The basic unit in the formation of a living organism is the cell. The cell is comprised of protoplasm, a chemically and structurally complex material which comprises the living material of a cell. The nucleus is that part of the cellular protoplasm which exercises the primary role in directing the metabolism of the cell. The nucleus contains substantially all of the genetic material contained in the cell and is the focus of the science of genetics. The remainder of the cell protoplasm is termed cell cytoplasm.
Chromosomes are structures within the cell nucleus which play a major role in heredity and help to control the characteristics of an organism. At certain times in the life cycle of a cell the chromosomes may be visible within the cell nucleus with the aid of a microscope and often appear as lineal bodies or strands. Chromosomes are principally composed of protein and complex chemical molecules of deoxyribonucleic acid (DNA).
Genes are the basic functional units of the chromosomes. Genes occupy relatively fixed positions on the chromosomes and each gene has a specific influence upon the expression of a particular characteristic or characteristics of the organism. Alternate forms of genes are known as alleles. For example, a gene associated with the normal yellow seed color in peas (YY) has an allele or an alternate form of the gene which results in green seed color (yy). The specific combinations of alleles determine the way in which genetic traits are expressed in the organism.
The total number of chromosomes present in the nucleus of a cell varies from organism to organism. In addition, the number of chromosomes found in the nuclei in various parts of an organism ordinarily vary depending upon the function of the nuclei. For example, the nuclei in body cells usually have a different number of chromosomes from cells involved in the reproductive parts of the organism. Body cells or somatic cells usually contain chromosomes in similar or homologous pairs. One member of each pair of chromosomes in the somatic cells is received from each parent. Homologous chromosomes are usually similar or identical in genetic material. The number of chromosomes in somatic cells is usually referred to as the diploid number. The somatic cells of sunflowers are normally diploid. Their nuclei contain 34 chromosomes occurring as 17 homologous pairs of chromosomes. Some species of sunflower also contain tetraploid (68) and hexaploid (102) chromosome numbers.
Gametes or reproductive cells have nuclei which ordinarily contain half the total number of chromosomes, referred to as the haploid number. Normally the chromosomes in the gametes do not occur as homologous pairs but rather as a single set of chromosomes.
The disk flowers of the sunflower plant normally produce both "male" and "female" gametes. The haploid pollen is produced in the anther of the disk flower and a single haploid egg or ovule is formed in the embryo sack in the ovary of the disk flower. The flowering of the disk flower begins with the appearance from the corolla of the anther tube, formed by the fusion of five anthers. Pollen is released on the inner surface of the anther tube. The style begins to grow and lengthen rapidly and thereby forces the stigma through the tube formed by the anthers. The lobes of the stigma open outward and at that point are receptive to pollen.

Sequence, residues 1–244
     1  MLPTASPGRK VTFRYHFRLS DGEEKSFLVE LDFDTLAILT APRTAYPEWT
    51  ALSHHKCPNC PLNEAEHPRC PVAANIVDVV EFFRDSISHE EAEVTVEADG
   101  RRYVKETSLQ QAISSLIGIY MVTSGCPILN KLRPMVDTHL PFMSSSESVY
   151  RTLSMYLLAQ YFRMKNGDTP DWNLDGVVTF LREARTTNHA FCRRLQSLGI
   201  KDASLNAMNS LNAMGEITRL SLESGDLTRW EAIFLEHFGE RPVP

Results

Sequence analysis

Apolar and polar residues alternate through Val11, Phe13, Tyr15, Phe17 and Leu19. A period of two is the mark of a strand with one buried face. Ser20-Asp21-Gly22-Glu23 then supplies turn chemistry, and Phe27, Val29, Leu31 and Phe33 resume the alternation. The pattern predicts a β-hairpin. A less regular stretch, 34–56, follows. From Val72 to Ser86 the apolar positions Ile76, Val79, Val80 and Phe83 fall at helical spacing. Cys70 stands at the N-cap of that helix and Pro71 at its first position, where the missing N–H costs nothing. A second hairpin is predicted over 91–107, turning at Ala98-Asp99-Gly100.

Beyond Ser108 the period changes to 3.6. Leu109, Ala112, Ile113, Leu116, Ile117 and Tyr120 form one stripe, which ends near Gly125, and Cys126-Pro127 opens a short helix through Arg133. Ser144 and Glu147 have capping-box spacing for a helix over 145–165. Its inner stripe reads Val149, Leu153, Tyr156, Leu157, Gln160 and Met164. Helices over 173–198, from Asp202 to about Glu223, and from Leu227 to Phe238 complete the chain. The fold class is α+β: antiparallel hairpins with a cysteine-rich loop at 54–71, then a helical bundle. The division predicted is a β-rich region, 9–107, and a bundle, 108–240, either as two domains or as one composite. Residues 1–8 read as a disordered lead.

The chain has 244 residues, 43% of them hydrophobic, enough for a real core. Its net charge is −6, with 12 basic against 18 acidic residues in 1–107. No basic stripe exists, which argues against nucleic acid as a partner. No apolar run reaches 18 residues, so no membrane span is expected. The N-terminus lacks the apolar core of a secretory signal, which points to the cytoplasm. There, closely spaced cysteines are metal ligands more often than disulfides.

Since at this stage of development in the sunflower the stigma is above the anther in each disk flower, they are initially out of reach of their own pollen, which discourages the self-pollinization of individual disk flowers. Individual disk flowers, however, may be exposed to their own pollen and the pollen of other disk flowers on the same head by the action of insects, wind and/or gravity and both self or sibling pollination may occur.
Prior to pollen being shed, the nucleus of the pollen divides to form a vegetative or tube nucleus and a generative nucleus. The generative nucleus usually divides again to form two sperm each having a haploid number of chromosomes, seventeen in number. When the pollen is deposited on the stigma the pollen germinates and a pollen tube emerges from the pollen. The pollen tube, carrying the vegetative nucleus and the two sperm, penetrates the stigma and grows down the style into the ovule which is composed of several cells which contain a haploid number of chromosomes, seventeen in number. These ovule cells include among others an egg and a central cell with a fusion nucleus. The pollen tube penetrates the embryo sack and both sperm enter the embryo sack. One haploid sperm unites with the haploid egg to form the diploid zygote (34 chromosomes) which develops into the diploid seed which has a set of haploid chromosomes and associated traits from each parent plant. The second sperm fertilizes the fusion nucleus.
In considering the genetic or inherited characteristics of an organism, attention is given to both the "genotype" and "phenotype" of the organism. The genotype is the total genetic makeup of an individual organism and is defined by the total gene complement. In contrast, the phenotype of an organism is comprised of its manifested characteristics. For example, an organism may carry the genetic material (allele or gene) for a particular characteristic in its genotype, but it may not be actually manifested in the phenotype. Although the genotype sets certain limits on the potential for an organism's development, the total environmental circumstances determine the degree to which the potentials are realized and expressed in the actual phenotype.